Why You’re Probably Pursuing the Wrong Vocation

Being a teenager or a young adult can be awkward. It’s easy to go through life constantly anticipating the next big life event. As a teenager, I remember eagerly longing for the time when I would graduate from high school and move on to college. Once I got to college, my next big life goal was to graduate college and move on to a career. Now that I’ve got a stable job, I’ve been pressuring myself to focus on getting married. Those longings for the next milestone never seem to stop.

There is a huge temptation to view life as a series of goals and checkpoints on our road to success, happiness, achievement, and ultimate fulfillment which we tell ourselves can be achieved only once we hit a certain milestone. Many single young people believe that once they marry the right person, or find the right religious or consecrated vocation, they can start living their true, God given vocation and get out of the awkwardness of “vocation limbo.”

We tell ourselves things like “Life might stink now, but once I get married, everything will be awesome.” Or “High school is hard, but once I get to college I’m going to be having so much more fun!” Or “Right now life is really challenging, but that’s only because God hasn’t revealed to me if I should be a priest or a husband. Once he finally answers all my prayers, life will be perfect.” Some even focus all of their extra energy on finding a great husband or wife at the expense of other aspects of their lives.

We need to stop viewing the “next step” in life, whether that is graduating, finding our dream job, or beginning marriage or religious life, as our ultimate goal and the point where we will become significantly happier and instead recognize that each of these are only checkpoints on our path to our true “God given vocation”: Heaven.

Focusing exclusively on “finding your vocation” would be just like if Dorothy in “The Wizard of Oz” focused only on getting to the Emerald City without remembering that what she was really trying to do was get home to Kansas. We have to remember that our ultimate destination is not to get to the wedding altar or to finish seminary, but to get to heaven.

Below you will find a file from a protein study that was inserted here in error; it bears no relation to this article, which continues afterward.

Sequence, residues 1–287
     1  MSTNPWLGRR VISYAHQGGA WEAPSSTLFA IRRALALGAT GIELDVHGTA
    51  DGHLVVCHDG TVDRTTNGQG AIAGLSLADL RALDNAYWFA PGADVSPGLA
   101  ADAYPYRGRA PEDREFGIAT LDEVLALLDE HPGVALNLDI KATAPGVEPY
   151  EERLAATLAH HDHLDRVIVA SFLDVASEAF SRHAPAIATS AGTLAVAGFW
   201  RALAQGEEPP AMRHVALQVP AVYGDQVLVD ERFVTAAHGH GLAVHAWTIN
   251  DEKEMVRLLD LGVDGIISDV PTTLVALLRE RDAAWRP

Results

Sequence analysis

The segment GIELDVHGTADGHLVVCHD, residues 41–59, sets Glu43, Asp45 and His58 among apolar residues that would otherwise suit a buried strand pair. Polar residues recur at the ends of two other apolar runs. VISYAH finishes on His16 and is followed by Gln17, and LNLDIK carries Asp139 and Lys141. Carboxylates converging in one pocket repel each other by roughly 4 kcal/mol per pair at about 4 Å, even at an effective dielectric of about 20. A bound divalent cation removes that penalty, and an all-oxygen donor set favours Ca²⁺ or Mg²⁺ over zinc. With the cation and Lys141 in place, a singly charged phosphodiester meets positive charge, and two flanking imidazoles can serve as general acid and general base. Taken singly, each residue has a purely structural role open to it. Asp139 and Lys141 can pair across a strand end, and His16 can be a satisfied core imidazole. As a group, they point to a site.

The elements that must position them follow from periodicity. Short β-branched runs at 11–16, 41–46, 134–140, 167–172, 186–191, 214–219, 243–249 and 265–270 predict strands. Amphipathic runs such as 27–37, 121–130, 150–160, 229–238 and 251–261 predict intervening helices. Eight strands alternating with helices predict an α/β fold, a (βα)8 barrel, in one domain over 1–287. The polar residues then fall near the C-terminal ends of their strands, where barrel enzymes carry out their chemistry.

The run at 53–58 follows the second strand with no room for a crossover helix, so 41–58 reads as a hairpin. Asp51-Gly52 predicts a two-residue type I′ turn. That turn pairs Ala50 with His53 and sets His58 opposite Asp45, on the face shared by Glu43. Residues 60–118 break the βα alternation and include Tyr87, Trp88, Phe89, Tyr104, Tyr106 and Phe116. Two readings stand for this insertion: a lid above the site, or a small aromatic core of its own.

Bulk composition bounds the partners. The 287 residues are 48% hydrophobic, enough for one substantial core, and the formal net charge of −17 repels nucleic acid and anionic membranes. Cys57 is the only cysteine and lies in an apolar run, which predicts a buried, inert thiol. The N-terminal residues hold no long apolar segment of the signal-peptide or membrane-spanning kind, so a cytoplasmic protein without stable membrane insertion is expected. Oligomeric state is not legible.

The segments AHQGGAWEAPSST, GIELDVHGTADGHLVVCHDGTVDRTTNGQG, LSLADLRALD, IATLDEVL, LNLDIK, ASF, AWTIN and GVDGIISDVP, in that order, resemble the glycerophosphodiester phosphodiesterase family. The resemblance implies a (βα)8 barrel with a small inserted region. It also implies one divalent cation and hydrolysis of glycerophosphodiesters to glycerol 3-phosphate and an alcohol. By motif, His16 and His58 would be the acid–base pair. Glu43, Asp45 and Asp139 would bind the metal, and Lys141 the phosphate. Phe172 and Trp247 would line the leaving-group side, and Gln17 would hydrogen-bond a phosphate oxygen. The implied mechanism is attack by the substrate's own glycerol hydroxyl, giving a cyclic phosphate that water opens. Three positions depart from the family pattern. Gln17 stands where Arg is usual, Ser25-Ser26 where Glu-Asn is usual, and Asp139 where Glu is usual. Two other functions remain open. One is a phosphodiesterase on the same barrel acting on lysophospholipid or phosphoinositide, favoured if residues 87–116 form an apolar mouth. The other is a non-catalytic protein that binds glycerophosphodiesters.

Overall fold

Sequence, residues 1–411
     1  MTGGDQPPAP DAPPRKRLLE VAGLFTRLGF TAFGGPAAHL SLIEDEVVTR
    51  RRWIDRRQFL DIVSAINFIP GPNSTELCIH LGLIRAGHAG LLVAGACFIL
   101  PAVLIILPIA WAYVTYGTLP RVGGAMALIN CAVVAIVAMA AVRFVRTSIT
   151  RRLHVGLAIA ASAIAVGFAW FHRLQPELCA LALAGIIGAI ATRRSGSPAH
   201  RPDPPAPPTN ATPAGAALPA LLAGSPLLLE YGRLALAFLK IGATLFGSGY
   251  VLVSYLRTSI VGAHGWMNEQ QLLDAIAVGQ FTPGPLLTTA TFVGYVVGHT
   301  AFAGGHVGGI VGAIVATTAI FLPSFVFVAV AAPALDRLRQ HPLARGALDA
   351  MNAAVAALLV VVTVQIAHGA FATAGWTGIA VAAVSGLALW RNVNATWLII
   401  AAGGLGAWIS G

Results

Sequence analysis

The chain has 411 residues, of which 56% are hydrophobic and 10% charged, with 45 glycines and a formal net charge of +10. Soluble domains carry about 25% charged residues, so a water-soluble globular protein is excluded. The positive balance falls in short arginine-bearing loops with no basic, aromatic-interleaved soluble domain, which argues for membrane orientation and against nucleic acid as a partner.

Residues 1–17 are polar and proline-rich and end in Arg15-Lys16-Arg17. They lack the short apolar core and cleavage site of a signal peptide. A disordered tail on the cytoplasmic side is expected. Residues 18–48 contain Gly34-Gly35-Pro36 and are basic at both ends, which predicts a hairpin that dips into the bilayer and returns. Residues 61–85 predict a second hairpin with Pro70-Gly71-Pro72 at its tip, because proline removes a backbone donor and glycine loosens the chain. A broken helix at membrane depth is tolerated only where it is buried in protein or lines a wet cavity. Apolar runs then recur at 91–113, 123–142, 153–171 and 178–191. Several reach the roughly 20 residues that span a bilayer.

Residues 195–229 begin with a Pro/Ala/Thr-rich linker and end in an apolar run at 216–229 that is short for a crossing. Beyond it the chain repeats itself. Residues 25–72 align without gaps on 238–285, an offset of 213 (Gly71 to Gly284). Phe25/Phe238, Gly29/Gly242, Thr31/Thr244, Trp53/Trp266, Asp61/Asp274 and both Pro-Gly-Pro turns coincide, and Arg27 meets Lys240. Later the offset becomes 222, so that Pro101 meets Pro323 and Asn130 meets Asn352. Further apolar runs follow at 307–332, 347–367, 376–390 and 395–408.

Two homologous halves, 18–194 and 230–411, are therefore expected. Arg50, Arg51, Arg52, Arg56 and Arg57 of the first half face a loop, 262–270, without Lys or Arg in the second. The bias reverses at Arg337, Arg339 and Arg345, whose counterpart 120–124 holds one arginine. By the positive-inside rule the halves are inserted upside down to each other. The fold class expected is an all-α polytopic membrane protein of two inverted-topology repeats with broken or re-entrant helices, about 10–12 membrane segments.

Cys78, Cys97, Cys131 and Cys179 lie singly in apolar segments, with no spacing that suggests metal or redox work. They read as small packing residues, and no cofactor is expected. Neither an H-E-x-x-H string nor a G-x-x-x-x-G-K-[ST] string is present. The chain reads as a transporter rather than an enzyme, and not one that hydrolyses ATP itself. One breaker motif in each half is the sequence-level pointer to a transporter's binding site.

God has given us different experiences in our lives, and we can use every one of them as an opportunity to grow in holiness. There’s no need for me to wait until I’m married or until I start a family to serve God, to grow in my prayer life, to help those in need through the corporal and spiritual works of mercy, and to be involved in life at my parish. When we start to focus on getting to heaven rather than getting to our “vocation,” we can become much more patient with God’s plan for our lives and more open to where he is actually leading us.

Whether your eventual (or current) vocation is to be a husband or wife, a priest or bishop, a religious or consecrated sister or brother, you can be sure of one of your other vocations which is even more important than all of those others: To be a saint.

St. Maria Goretti- She definitely didn't need to wait until she "found her vocation" to follow her calling. (Source: Wikipedia)

St. Maria Goretti- She definitely didn’t need to wait until she “found her vocation” to follow her calling. (Source: Wikipedia)